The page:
heart_basics

High Blood Pressure

Blood pressure is the force of blood against the walls of the arteries. Blood pressure rises and falls throughout the day. When blood pressure stays elevated over time, it’s called high blood pressure or hypertension.

High blood pressure is dangerous because it makes the heart work too hard and contributes to atherosclerosis (hardening of the arteries). It increases the risk of heart disease and stroke and can also result in other conditions, such as congestive heart failure, kidney disease, and blindness.

Blood pressure is given as two numbers – the systolic pressure over the diastolic pressure – and both are important. A measurement of 140/90 mmHg (millimeters of mercury) or above is called high blood pressure, although if either number is high, that is also hypertension. A healthy blood pressure is around 120/80.

Lifestyle steps often can prevent or control high blood pressure: lose excess weight, become physically active, follow a healthy eating plan including foods lower in salt and sodium, and limit alcohol intake.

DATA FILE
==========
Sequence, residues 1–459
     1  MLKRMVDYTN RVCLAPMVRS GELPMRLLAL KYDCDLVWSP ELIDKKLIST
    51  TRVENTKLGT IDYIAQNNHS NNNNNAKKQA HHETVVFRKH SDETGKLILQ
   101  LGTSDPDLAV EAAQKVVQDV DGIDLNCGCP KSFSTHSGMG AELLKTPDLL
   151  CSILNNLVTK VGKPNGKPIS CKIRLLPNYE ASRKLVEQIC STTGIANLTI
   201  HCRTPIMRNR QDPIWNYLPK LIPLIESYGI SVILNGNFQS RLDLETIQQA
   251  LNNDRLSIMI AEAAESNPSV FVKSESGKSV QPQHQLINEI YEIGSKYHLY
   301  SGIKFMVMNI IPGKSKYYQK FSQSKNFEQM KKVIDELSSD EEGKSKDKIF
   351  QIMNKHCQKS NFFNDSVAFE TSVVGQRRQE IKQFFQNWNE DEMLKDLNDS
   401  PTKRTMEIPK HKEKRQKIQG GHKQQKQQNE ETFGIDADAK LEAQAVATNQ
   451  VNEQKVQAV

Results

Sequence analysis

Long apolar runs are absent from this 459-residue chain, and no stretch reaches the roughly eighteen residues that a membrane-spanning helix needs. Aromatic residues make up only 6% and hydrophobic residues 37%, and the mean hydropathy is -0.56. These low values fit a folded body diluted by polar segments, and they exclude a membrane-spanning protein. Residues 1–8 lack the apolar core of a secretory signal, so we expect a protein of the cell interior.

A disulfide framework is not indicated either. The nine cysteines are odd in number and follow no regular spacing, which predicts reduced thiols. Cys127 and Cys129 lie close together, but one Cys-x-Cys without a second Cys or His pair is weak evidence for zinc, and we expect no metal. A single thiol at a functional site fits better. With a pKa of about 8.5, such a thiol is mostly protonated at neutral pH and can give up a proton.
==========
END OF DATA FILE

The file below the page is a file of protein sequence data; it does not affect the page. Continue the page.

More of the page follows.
Source: National, Heart, Lung, and Blood Institute

Know Your Health Tips – High Blood Pressure

  1. Have your blood pressure checked regularly – knowing your numbers helps you stay in charge of your health.
  2. Maintain a healthy weight range, based on your age and gender (as recommended by a physician).
  3. Participate in a minimum of 30-60 minutes of moderately intense activity 5 times per week.
  4. Reduce your salt intake, choosing reduced-sodium food options when available.
  5. Take medications as directed and speak with your physician about any questions or concerns.
  6. Reduce alcohol consumption, which constricts blood vessels and causes an increase in blood pressure.
  7. Increase your potassium intake to help lessen the effects of sodium on blood pressure.
  8. Avoid tobacco products, which cause blood pressure to increase. 
  9. Cut back on caffeine, which can increase blood pressure. 
  10. Take steps to reduce your stress outside of the fire station.

Sources: American Heart Association; Centers for Disease Control and Prevention; MedlinePlus – National Institutes of Health

Tools and Resources

Your Guide to Lowering High Blood Pressure
National Heart, Lung, and Blood Institute

Hypertension Tutorial
National Library of Medicine and National Institutes of Health